Good Touch, Bad Touch: Child Sexual Abuse Pre and Post-Pandemic

Depanjali Roy | 07 July 2021
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Children are born into this world, and as they get older, they are nourished by the people and surroundings around them. Growing up is not always a joyful experience for all children, as some of them are exposed to the grim truths of the world. 

This is a discussion concerning sexual abuse and harassment of children. These experiences traumatize a child in an innocent stage of life and hampers their growing-up process as well. Every country has cases of child sexual abuse and harassment; even the most sophisticated countries are powerless to prevent it. With the advent of the internet, it is becoming more difficult to safeguard children from harassment, as seen by a wide spectrum of examples of online harassment. Bangladesh lags in terms of protecting its children from sexual assault and harassment. Harassment has also been witnessed during pandemics when online courses have been used to manage the educational system. These occurrences have not even prompted the authorities to take appropriate actions, and additional factors will be considered as the inquiry progresses.

Child sexual abuse is a broad thing to explain. It is a traumatized situation for children and teens to experience any sexual acts be it forced penetration, inappropriate touching, manipulation, intimidation, rape, sexual indication, exposure to pornography, etc. Children not only face sexual abuse, but also physical and emotional abuse, in their stage of mental and physical development. 

Violence against children has increased by folds during the pandemic. It is quite shocking to think that children are not safe even when people are meant to stay at home. Violence against children already costs the world economy USD 7 trillion annually. According to a survey of 217 studies in 2019 by Ain O Salish Kendra (ASK), one in every eight children (12.7 percent) were sexually molested before the age of 18. In over half of these incidents, the age of the women who were raped was not indicated. However, 86 percent of the rest are children younger than 12 years of age. Boys are also sexually harassed in many cases, estimated at 5 to 7 percent but girls are at a greater risk. Many cases are not even reported to the police. No legal action is taken against the perpetrators. The parents of the children are not willing to report as they think this will affect their upbringing but mostly because parents think it will harm their respect and dignity in the society. However, the opposite happens when the child does not get any help to recover from the trauma. Moreover, sexual abuse occurs because of child marriage as well. A minor getting married and experiencing sexual action forcefully is also considered sexual violence.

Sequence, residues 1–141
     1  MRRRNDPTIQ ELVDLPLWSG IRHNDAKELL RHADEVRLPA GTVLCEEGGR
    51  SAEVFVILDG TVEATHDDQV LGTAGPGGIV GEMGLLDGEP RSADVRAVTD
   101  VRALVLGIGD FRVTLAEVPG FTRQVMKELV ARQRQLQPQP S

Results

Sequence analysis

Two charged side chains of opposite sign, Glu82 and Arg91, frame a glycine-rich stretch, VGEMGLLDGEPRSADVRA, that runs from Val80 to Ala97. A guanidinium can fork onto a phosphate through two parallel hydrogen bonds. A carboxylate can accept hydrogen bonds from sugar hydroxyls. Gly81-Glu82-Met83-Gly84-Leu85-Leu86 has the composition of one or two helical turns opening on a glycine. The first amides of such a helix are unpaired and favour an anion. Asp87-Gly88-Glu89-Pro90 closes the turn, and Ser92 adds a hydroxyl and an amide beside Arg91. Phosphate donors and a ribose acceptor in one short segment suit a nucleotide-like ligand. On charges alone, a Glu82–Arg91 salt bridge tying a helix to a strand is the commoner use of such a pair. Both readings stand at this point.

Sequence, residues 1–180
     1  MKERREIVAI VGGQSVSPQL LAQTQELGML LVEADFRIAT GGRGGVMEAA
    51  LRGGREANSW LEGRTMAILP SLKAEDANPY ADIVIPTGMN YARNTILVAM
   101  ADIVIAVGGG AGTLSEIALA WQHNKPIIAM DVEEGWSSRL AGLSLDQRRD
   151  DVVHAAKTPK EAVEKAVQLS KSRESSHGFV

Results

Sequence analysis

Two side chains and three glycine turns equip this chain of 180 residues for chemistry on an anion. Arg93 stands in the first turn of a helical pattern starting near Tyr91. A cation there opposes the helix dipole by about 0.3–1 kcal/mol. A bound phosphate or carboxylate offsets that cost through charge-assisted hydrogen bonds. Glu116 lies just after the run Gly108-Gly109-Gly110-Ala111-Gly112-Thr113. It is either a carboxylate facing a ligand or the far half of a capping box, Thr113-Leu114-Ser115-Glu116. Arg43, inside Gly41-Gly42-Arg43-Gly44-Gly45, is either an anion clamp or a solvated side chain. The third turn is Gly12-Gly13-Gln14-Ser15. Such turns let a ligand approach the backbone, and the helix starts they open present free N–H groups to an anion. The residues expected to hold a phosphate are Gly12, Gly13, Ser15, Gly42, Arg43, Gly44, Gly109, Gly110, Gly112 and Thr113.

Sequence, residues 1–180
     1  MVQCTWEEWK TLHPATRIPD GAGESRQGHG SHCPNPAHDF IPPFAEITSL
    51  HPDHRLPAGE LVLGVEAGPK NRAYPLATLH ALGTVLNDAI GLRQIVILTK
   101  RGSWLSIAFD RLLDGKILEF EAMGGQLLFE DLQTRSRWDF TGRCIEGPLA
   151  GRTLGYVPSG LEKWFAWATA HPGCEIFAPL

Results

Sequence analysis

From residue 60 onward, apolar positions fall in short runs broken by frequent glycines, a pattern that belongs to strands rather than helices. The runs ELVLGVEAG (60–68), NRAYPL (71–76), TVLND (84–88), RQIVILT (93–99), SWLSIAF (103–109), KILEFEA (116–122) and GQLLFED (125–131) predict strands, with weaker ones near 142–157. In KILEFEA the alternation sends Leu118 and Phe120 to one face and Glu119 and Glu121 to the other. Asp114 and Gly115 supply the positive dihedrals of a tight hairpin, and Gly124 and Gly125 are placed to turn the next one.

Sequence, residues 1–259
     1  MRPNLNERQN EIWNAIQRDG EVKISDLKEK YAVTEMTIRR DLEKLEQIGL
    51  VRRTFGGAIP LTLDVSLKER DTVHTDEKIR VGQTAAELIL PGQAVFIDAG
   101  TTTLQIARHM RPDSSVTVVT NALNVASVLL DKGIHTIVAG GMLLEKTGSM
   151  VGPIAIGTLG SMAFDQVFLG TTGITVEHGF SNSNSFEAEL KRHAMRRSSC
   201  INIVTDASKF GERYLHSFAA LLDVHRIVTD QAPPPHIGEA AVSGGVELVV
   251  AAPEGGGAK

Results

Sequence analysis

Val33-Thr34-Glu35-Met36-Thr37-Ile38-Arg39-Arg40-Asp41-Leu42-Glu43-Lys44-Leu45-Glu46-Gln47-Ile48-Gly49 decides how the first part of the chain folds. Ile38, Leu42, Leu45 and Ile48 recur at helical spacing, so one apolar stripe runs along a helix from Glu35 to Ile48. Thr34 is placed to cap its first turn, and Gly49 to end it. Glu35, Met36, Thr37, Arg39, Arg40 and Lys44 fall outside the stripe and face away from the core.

In 2020, when the pandemic hit, the situation was new to the world, and day by day people around the world tried to cope with the new way of life. Children had to adapt to a new way of education through online classes, as all the institutions were closed. 

According to the Manusher Jonno Foundation (MJF), 626 minors were “sexually abused” between January and December 2020. Thirty percent of the children were abused online in the time of pandemic, as revealed by ASK, and the number increased by four times in 2021. The majority of the time, a kid is sexually molested or harassed by a member of their own family. For individuals seeking this opportunity, quarantine becomes an advantage.